Know Your Worth And The Belongings Of Schooling


There is nothing wrong with black people that ending racism will not end.

That’s Andre Perry’s keynote Know Your Price, published earlier this year by Brookings Institution Press. Perry’s book in particular refutes the idea of ​​measuring black areas in terms of how they compare or appear to be lagging behind whites, but his aim is to see the importance of black economic empowerment and families.

The book travels to six US cities. Perry’s reputation as an expert, journalist and educator gives him the opportunity to share clear and honest thoughts on the questions he asks as he looks at everything from the hospital to the real estate market. Black goods, he says, have been under frequent scrutiny in the US, which poses a number of challenges, including difficulties in building and maintaining wealth for black people and black groups.

The book is powerful and moving; the stories of his childhood in Wilkinsburg, PA, and the medical difficulties he and his wife experienced can be seen and enlightened. But Perry also offers a variety of statistics, statistics and charts that one would expect from a Brookings Institution colleague.

Perry gives two book titles to the school. One, he pursues a small fortune in Wilkinsburg’s growing schools to see how school closures are detrimental to the region’s economy. Schools, they say, are an integral part of community development, and when they are lost, there is a collective cost. That’s when people gather to vote, at security council meetings, to send children to play in the evening square.

Schooling is economic and social. Perry cites the economist Henry Levin, who noted that a high school diploma earns twice as much money as a student.

Yet the increase in experimentation at higher prices has become a tool for schools. Last year they also saw a discussion on GreatSchools, a website that offers school exams to help families make decisions, but ended up using a method that some critics claim punishes schools in non-white and poor communities. GreatSchools relies heavily on the test results, and most have been biased because of race, the difference between those who test white and black. Chris Tienken (Seton Hall University) pointed out years ago that he and his research team were able to accurately predict school test results based on family knowledge and demographics. The test tests something, but it doesn’t seem like a good school, and the use of academic testing ends in providing opportunities in non-affluent non-white schools.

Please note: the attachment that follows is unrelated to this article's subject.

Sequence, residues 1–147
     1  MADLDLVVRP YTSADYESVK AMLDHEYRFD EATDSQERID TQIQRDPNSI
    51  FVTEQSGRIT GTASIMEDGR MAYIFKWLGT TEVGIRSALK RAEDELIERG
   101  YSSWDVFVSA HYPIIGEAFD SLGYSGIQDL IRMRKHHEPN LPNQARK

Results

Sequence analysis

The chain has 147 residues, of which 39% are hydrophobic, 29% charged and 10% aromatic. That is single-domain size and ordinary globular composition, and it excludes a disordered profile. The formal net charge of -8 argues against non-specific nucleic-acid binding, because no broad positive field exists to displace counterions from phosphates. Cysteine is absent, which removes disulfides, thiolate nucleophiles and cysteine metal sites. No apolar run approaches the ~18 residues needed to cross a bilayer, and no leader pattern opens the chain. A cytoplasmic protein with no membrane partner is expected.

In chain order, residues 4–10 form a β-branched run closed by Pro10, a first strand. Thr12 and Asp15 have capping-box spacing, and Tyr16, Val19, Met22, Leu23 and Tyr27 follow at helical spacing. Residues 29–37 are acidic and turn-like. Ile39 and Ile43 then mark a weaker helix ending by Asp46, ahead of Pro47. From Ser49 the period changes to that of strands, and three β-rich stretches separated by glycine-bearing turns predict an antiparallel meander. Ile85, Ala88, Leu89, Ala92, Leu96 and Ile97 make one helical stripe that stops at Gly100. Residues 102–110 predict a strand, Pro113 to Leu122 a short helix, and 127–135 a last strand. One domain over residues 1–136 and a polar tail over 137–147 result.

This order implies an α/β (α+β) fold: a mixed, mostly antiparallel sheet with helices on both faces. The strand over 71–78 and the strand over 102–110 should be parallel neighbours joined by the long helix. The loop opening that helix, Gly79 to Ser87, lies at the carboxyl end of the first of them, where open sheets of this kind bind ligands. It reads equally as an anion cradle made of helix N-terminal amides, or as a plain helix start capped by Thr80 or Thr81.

In another of his school-related topics, Perry returns to his experience after Katrina New Orleans. He moved to the city as part of a school reform program that followed the hurricane, making New Orleans the first US city without public schools. This unique role has led to extensive study and writing of New Orleans schools, including an interesting study published by Douglas Harris (Tulane University). NOLA is often identified as an example of the most important factors, citing the immediate benefits of many tests. But as careless critics of Harris’ book point out, research is strongly inconsistent with the change of prizes and principles of schooling, and as many other critics have pointed out, it is easy to change quickly on starting exams when you start on the ground, with New Orleans still there.

But Perry’s book discusses yet another major development that took place in New Orleans, changing the way the black economy operates. Like many leaders at the time, Perry says he considers himself “very knowledgeable.” But the leaders of what they were following were focused on questions (aka exams) and did not look at people’s finances. A few years later, Perry left the business business in New Orleans.

“If there was a time when New Orleans and black people needed teachers to be safe at work, it would have been Hurricane Katrina,” Perry wrote. Instead, 7,500 teachers, including 3,000 black teachers, were fired. The shooting was aided by a system that combines teacher monitoring and student exam scores. Between 2005 and 2014, black teachers dropped from 71% to 49% of teachers, despite strenuous efforts to bring in young, white, less experienced teachers, including the Teach for America recruits who volunteered just two years to work in the classroom — not the best way to motivate people or to establish order. Students often move from a local school to a charter away from home. And as Perry points out, the confirmation of the church authorities means that the city’s superintendents have gone from place to place throughout the country.

No one in power was asking, “Hey, what development resources do we have here?” Instead, says Perry, “after Katrina in New Orleans became a place where experimental growth became the main reason for ignoring local ideas.” Educators continue to call it “success” in New Orleans, but Perry says that “no one would want to imitate the experience of New Orleans in their community, children, co-workers and neighbors.”

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